Artificial Sweetener Cyclamate Is Banned from U.S. Consumer Markets

Evidence that consumption of the chemical cyclamate, used as an artificial sweetener, might be harmful to human health led to its removal from the U.S. marketplace. It remains a banned food additive in the United States.

Summary of Event

Robert Finch, the secretary of health, education, and welfare Department of Health, Education, and Welfare, U.S.;food safety (HEW), announced that food products containing cyclamates would be banned from U.S. markets effective February 1, 1970. The ban was made official after Finch’s announcement was published in the Federal Register on October 21 (34 FR 17063). The decision to ban the chemical was made after several scientific studies revealed that certain amounts of cyclamates were harmful to chicken embryos and rats. Sucaryl
Sweeteners, artificial
Food;government regulation
[kw]Artificial Sweetener Cyclamate Is Banned from U.S. Consumer Markets (Oct. 21, 1969)
[kw]Sweetener Cyclamate Is Banned from U.S. Consumer Markets, Artificial (Oct. 21, 1969)
[kw]Cyclamate Is Banned from U.S. Consumer Markets, Artificial Sweetener (Oct. 21, 1969)
[kw]U.S. Consumer Markets, Artificial Sweetener Cyclamate Is Banned from (Oct. 21, 1969)
[kw]Consumer Markets, Artificial Sweetener Cyclamate Is Banned from U.S. (Oct. 21, 1969)
Sweeteners, artificial
Food;government regulation
[g]North America;Oct. 21, 1969: Artificial Sweetener Cyclamate Is Banned from U.S. Consumer Markets[10510]
[g]United States;Oct. 21, 1969: Artificial Sweetener Cyclamate Is Banned from U.S. Consumer Markets[10510]
[c]Laws, acts, and legal history;Oct. 21, 1969: Artificial Sweetener Cyclamate Is Banned from U.S. Consumer Markets[10510]
[c]Health and medicine;Oct. 21, 1969: Artificial Sweetener Cyclamate Is Banned from U.S. Consumer Markets[10510]
[c]Trade and commerce;Oct. 21, 1969: Artificial Sweetener Cyclamate Is Banned from U.S. Consumer Markets[10510]
Finch, Robert
Ley, Herbert, Jr.

Prior to the development of artificial sweeteners, only natural sugars, in forms such as sugarcane, corn syrup, maple sugar, and honey, were used in food products. These sugars are high in calories and are unhealthy for those with medical conditions such as diabetes. Artificial sweeteners have much lower caloric contents than natural sugars and can be used by consumers who cannot safely ingest sugar. Only a small percentage of the U.S. population must abstain from sugar, but many consumers choose to purchase foods and beverages produced with low-calorie sugar substitutes as part of weight-control programs.

A growth in consumption of artificial sweeteners would coincide with a reduction in the market for sugar. This shift threatened sugar producers, who supported testing and research on the artificial substances to determine if they might have adverse physiological effects on consumers.

Because some consumers need to restrict or discontinue consumption of sugar for medical reasons and other consumers wish to reduce caloric intake, a substantial market for artificial sweeteners had developed in the United States by the mid-1960’s. Ideally, a sugar substitute should taste identical to sugar, perform as sugar does in food preparation, and not adversely affect the health of those consuming it. Chemists have attempted to create such a product, but time and research have shown that many artificial sweeteners have limited merits.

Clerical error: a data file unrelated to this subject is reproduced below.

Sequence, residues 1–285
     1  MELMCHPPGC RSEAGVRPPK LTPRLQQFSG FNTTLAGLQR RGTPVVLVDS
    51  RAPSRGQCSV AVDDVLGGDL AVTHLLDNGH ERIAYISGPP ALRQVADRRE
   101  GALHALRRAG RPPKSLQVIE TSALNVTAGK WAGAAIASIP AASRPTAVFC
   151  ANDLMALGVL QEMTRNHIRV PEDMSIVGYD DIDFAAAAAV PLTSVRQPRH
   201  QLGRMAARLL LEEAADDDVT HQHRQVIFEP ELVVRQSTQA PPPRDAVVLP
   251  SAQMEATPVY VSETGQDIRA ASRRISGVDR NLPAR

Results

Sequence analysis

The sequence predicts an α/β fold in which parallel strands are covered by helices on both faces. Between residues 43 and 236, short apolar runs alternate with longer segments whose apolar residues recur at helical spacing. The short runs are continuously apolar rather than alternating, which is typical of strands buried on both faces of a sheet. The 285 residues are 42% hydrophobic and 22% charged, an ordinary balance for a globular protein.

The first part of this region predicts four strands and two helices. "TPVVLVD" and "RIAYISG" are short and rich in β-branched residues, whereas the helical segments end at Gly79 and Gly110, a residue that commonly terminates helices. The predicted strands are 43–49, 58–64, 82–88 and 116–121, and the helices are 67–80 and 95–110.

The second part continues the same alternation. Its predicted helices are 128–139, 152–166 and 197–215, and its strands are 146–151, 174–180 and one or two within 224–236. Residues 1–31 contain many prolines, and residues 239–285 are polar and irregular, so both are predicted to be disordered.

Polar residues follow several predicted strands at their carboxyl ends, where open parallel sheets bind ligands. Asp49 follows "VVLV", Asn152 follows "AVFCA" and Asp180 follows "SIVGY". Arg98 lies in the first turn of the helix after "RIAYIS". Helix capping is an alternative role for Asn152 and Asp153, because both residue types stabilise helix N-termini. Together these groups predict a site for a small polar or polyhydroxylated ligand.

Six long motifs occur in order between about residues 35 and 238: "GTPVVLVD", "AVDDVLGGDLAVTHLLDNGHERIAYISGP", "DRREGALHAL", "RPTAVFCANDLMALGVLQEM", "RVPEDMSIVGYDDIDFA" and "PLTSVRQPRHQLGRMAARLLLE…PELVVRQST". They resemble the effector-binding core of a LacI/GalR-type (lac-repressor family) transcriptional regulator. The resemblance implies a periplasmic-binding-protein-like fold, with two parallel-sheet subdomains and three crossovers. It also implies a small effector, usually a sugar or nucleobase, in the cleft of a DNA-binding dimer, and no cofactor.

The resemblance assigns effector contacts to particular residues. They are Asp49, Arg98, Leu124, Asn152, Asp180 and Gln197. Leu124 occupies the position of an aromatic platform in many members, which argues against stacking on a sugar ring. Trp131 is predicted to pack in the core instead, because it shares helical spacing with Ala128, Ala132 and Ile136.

In the two decades prior to 1969, cyclamates had been the primary substitute for sugar in diet-type food products. A cyclamate is an artificial (chemically produced) salt of sodium or calcium. Cyclamates have a sweet taste similar to that of sugar and contribute virtually no calories to the foods and beverages in which they are used. By the late 1960’s, the consumption of diet soft drinks, diet fruit jams and jellies, and table sugar substitutes had become widespread. Using cyclamates as sweeteners, soft drinks were made calorie free, and canned fruits and jams were produced with significantly reduced caloric contents.

Diet soft drink producers used more than half the cyclamates produced in the United States and, according to BusinessWeek, collectively manufactured products worth $420 million at retail prices in 1969. Of all soft drinks sold in 1969, 15 percent were diet drinks. These drinks thus had substantial effects on the financial performance of manufacturers.

Producers of artificial sweeteners pursued development of their products because they believed there was a potentially large market of diet-conscious people who would willingly pay for the sweetening agents. The possibility for large profits was a motivating factor for producers, as artificial sweeteners sold for more than four times as much as granulated sugar. Furthermore, it was expected that consumers would eagerly purchase low-calorie prepared canned foods and beverages. A government advisory panel for the Food and Drug Administration Food and Drug Administration (FDA) estimated in 1968 that 75 percent of the U.S. population consumed artificial sweeteners and that 70 percent of these sweeteners were used in soft drinks. At that time, about half a dozen companies were marketing brands of artificial sweeteners for table use, most of which contained cyclamates. Brand names of the sweetening products included Sugarcane 99, Crystal Sweet, Sweet’N Low, Sweetness & Light, Zero-Cal, and Sugarine. Diet soft drinks were sold under brand names such as Diet Pepsi, Fresca, Like, Tab, and Diet-Rite.